Rohlwing recounts her best day at the shop, when she worked on a cart that was going to a specific person she knew of. The mission director at her church had gone to Guatemala and encountered a woman in need, and Quirk arranged for a cart to be sent to her.
“These go all over the world, but to come to work after knowing one particular person in Guatemala got a cart was just the nicest thing,” Rohlwing said. “Everybody was so excited because that’s what everybody works for, and it just really brings them home when you have that one individual that you have a connection to.”
When asked what her favorite part of working at the shop is, Rohlwing’s response matched the others’.
“It’s just been so wonderful to meet the people that work here. The volunteers that work in Penney Farms — a lot of them are retired missionaries,” Rohlwing said. “Most of them have spent their life in service, and they are fascinating because they’ve lived all over the world.”
Two new volunteers walk in as Quirk recounts the workshop’s history.
“We’re new here!” the two men say in unison.
Quirk looks up at them from the PET cart he’s sitting on and smiles.
“Come when you can, leave when you must,” Quirk says.
Michelle Manzione produced this update.
After recovering an Eastern Kentucky fumble, the Gator defense display the Chomp to the student section.
An enthusiastic fan reacts to the recovered fumble.
Florida receiver Demarcus Robinson comes down with a catch.
Florida quarterback Jeff Driskel dives across the goal line for a TD.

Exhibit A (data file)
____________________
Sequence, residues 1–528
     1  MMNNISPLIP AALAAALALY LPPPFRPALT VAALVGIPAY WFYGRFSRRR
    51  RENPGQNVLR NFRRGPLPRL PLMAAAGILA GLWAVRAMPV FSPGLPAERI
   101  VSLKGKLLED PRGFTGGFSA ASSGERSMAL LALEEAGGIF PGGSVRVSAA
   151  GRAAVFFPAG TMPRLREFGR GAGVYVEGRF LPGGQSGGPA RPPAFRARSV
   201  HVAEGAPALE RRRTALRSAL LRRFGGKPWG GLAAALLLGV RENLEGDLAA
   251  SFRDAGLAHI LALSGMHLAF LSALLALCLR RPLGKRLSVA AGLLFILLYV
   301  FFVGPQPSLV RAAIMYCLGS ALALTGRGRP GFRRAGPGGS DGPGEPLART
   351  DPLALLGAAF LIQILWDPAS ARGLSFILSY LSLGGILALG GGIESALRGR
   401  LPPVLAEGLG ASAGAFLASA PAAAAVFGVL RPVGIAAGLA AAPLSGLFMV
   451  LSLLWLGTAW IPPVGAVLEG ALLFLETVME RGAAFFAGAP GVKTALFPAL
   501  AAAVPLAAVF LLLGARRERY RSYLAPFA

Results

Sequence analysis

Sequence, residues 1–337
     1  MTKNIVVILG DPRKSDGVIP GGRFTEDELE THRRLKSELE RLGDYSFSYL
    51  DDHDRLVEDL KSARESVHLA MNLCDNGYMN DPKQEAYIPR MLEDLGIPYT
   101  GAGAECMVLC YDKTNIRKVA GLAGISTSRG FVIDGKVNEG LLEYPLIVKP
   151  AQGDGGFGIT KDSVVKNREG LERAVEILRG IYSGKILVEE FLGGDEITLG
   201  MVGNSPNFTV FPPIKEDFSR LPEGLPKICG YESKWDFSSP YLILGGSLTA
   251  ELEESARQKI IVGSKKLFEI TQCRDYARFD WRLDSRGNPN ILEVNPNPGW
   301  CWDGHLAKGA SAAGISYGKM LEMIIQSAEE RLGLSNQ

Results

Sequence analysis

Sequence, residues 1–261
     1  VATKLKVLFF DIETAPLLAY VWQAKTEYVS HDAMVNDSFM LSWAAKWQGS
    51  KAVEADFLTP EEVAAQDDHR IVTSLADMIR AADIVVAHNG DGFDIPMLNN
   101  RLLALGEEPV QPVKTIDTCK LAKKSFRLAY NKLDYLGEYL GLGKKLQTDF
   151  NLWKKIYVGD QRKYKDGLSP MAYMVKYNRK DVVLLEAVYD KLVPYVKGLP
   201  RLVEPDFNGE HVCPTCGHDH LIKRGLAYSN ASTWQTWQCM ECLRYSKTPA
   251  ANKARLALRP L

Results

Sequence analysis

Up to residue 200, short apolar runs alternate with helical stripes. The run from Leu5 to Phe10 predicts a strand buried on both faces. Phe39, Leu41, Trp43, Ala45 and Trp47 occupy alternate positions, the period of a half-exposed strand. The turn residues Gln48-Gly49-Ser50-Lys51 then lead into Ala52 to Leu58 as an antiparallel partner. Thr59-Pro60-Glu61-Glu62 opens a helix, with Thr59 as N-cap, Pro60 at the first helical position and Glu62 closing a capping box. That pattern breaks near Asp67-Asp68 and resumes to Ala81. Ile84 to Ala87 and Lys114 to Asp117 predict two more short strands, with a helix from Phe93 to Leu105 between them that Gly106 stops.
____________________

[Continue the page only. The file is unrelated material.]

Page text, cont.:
Florida coach Will Muschamp looks on after his team scores a TD.
Defensive back Vernon Hargreaves, III settles down the defense.
Eastern Kentucky running back Dy'Shawn Mobley gets taken down by the Gator's defense.
Defesnive lineman Jay-nard Bostwick, and defensive back Marcell Harris showing emotions.
Florida defensive back Jalen Tabor covers Eastern Kentucky receiver Jeff Glover. Referees initially ruled the play a catch and touchdown, but was reversed after further review.
Coach Muschamp irate after Glover's catch was ruled complete.
Eastern Kentuck offensive lineman Colton Scurry and Jay-nard Bostwick face-to-face.
Harris goes down hard after being swarmed by the Eastern Kentucky defense.
Florida running back Adam Lane breaks several tackles to get into the open field.
Florida receiver Michael McNeely scores a TD late in the fourth quarters after catching a 28-yard pass from Driskel.
Albert the Alligator giving out high-fives to the crowd.
Defensive lineman Joey Ivie mingles with the crowd after the game.
Coach Muschamp exits the Swamp for the last time with his wife Carol after winning 52-3. Muschamp was fired after four seasons with the Gators.
As the players celebrate the win, a sign in the crowd wishes Muschamp well with future endeavors.
A recent response from the Gainesville Police Department to the trial two-lane configuration has some community members questioning the validity of the survey, as well as the safety of a four-lane configuration.
“I’m still hoping to find out which policemen actually took that survey,” Arnall Downs, a former City Beautification Chair member, said. “I’ve never seen 97 percent of the people agree on anything.”
Downs has lived in Gainesville for 21 years and has designed a number of projects for the city, including the way signs in the downtown area. Downs has been a proponent of a two-lane configuration for upwards of 19 years.